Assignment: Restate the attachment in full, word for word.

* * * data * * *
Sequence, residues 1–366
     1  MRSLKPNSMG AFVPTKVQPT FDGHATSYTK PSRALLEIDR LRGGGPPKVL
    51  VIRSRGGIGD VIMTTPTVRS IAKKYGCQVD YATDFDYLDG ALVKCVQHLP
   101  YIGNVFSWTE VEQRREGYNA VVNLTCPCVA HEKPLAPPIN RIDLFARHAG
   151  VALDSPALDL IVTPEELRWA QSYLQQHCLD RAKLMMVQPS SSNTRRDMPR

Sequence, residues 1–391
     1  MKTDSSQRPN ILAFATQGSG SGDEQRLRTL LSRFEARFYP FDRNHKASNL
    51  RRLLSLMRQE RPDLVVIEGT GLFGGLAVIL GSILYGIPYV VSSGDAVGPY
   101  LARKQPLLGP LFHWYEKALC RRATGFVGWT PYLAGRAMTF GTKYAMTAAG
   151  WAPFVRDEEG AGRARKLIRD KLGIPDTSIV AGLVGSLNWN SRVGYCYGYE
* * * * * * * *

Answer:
Sequence, residues 1–366
     1  MRSLKPNSMG AFVPTKVQPT FDGHATSYTK PSRALLEIDR LRGGGPPKVL
    51  VIRSRGGIGD VIMTTPTVRS IAKKYGCQVD YATDFDYLDG ALVKCVQHLP
   101  YIGNVFSWTE VEQRREGYNA VVNLTCPCVA HEKPLAPPIN RIDLFARHAG
   151  VALDSPALDL IVTPEELRWA QSYLQQHCLD RAKLMMVQPS SSNTRRDMPR

Sequence, residues 1–391
     1  MKTDSSQRPN ILAFATQGSG SGDEQRLRTL LSRFEARFYP FDRNHKASNL
    51  RRLLSLMRQE RPDLVVIEGT GLFGGLAVIL GSILYGIPYV VSSGDAVGPY
   101  LARKQPLLGP LFHWYEKALC RRATGFVGWT PYLAGRAMTF GTKYAMTAAG
   151  WAPFVRDEEG AGRARKLIRD KLGIPDTSIV AGLVGSLNWN SRVGYCYGYE